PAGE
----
For three days every year in early April the lovely village of Biot (pronounced Bi-otte not Bi-oh as you may think if you know anything about French pronunciation) goes back in time to the 13th century. The setting couldn’t be more perfect as the old centre of Biot is a fortified medieval hill village, perched just a couple of kilometres inland from the Mediterranean sea, commanding sweeping views out to sea one way and over to the mountains the other, creating the perfect backdrop for this historical event.
Biot has a rich and turbulent past, with historical remains dating from as early as the Roman times. Evidence of olive oil production has been found from the 3rd century though the village really started to flourish in the middle ages. From the 12th to the beginning of the 14th century the Knights Templar bought up the best land in the area and founded one of the most important religious establishments in the region, located in the old castle, still visible today as the building which separates the Place de l’Eglise and the Place aux Arcades. It is this period that the annual festival Biot et les Templiers celebrates. However, just to continue a little with the history of Biot, the Knights Templar’s dominance didn’t last and they were imprisoned and their wealth redistributed on Papal orders in 1307. By the middle of the 14th century the area was ravaged by the Plague, like most of Provence, and succumbed to bandit warfare.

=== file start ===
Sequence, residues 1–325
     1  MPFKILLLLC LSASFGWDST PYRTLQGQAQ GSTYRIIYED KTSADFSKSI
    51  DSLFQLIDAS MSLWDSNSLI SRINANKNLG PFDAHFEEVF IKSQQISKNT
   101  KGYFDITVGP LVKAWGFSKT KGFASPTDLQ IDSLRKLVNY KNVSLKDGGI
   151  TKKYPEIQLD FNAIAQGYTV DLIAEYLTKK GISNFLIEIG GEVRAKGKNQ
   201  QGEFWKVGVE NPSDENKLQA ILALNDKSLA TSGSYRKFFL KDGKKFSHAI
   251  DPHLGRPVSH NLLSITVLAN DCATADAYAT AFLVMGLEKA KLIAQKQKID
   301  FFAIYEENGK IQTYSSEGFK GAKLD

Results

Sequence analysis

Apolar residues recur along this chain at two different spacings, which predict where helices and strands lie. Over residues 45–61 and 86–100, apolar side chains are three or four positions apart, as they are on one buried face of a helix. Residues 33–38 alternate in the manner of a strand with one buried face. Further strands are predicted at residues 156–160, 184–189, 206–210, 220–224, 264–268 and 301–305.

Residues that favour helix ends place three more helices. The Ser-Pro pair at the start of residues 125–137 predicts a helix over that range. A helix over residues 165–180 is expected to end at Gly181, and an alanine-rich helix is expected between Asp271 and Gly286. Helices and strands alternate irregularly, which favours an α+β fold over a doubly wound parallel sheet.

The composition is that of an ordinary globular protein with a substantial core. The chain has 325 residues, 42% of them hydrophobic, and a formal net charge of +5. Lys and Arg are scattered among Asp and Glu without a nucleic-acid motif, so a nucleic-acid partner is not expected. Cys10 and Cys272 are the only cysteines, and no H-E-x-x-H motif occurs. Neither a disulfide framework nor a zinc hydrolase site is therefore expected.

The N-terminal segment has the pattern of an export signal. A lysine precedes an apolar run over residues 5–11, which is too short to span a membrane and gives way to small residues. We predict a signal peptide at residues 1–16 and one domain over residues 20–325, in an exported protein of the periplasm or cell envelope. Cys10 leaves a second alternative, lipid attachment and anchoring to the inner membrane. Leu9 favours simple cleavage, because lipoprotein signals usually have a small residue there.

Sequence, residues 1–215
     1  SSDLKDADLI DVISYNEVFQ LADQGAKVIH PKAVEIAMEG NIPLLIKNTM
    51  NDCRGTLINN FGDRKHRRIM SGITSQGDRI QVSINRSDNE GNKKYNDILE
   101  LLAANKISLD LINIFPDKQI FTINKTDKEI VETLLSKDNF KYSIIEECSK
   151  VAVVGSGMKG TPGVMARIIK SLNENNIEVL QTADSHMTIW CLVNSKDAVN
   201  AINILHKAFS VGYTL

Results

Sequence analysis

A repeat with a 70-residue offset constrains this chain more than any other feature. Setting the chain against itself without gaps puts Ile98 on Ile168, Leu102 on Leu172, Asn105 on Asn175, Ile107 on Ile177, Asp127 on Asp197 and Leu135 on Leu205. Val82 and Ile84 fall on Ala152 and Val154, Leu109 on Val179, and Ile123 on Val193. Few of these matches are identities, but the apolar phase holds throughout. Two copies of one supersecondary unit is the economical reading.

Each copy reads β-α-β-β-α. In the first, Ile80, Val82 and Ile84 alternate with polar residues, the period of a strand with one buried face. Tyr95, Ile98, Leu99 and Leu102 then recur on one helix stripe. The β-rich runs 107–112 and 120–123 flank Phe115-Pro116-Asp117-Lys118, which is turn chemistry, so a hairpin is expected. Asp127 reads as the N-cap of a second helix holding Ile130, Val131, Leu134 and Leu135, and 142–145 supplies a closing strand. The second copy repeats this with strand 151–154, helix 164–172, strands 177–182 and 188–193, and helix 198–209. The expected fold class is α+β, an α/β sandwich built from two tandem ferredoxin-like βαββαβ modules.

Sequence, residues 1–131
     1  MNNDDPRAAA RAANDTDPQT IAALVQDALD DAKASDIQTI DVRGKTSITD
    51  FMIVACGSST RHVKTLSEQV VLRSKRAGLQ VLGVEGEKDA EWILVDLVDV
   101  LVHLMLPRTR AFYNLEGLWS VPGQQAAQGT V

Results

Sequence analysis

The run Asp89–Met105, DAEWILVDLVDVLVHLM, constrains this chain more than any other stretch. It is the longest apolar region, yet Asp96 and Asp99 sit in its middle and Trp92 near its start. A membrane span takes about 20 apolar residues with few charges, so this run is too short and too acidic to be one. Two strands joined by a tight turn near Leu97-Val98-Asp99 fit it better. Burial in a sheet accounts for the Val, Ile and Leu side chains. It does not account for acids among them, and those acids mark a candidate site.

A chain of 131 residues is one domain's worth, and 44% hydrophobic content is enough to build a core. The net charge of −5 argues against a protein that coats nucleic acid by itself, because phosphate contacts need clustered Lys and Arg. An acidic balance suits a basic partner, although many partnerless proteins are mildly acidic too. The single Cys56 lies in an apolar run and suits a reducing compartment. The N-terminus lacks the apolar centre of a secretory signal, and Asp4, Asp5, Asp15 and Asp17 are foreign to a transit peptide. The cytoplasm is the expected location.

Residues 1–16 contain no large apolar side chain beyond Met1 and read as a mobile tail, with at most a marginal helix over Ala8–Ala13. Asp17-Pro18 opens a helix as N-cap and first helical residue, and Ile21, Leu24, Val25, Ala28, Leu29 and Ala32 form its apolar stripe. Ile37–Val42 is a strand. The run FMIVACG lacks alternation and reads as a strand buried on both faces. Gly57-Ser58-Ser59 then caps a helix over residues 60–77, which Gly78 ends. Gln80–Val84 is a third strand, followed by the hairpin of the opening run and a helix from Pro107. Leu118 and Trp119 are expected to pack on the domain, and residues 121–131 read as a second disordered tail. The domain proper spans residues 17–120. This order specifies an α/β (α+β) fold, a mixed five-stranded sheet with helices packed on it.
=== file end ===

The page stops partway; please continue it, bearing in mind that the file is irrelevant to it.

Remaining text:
The 15th to 18th centuries were dominated by wars with the village ransacked and pillaged several times. However thanks to a rich clay soil, despite its ongoing struggles, Biot became a centre for pottery production between the 16th century and 18th centuries. By the middle of the 20th century, it once again became famous for its decorative pottery and glasswork, creating a particular bubble glass for which it is now well-known worldwide.
So getting back to its yearly medieval fête, the shindig kicks off on the Friday night with a Son et Lumière show, using the village as a back drop for spectacular fireworks.
The rest of the weekend is taken up with reenactments of medieval combats, jousting tournaments, fencing and archery set in authentic camps. There are falconry displays, horse shows, artisans and a giant market full of local and “medieval” produce, such as leather goods, cosmetics, wooden toys and food. You’ll find minstrels playing medieval music and dancers entertaining in the streets as well as farcical theatre and concerts. There are conferences and workshops both for adults and children and it’s all free. Kids can play with traditional wooden games and learn fencing or calligraphy (amongst other things). In the evenings there is a parade by torch light with mulled wine and bread cooked in the communal wood oven. Many people dress up, not just the entertainers but the spectators too, and the Tourist Office rents out costumes for a reasonable rate.
Whether you’re a history buff or not this is a fun weekend for the whole family in a beautiful location, that doesn’t cost a penny. Biot is 20 minutes from us at Lou Messugo and worthy of a visit even when the festival isn’t on. Have you been? Or have you been to a similar event? Do you enjoy this sort of occasion? I’d love to hear from you.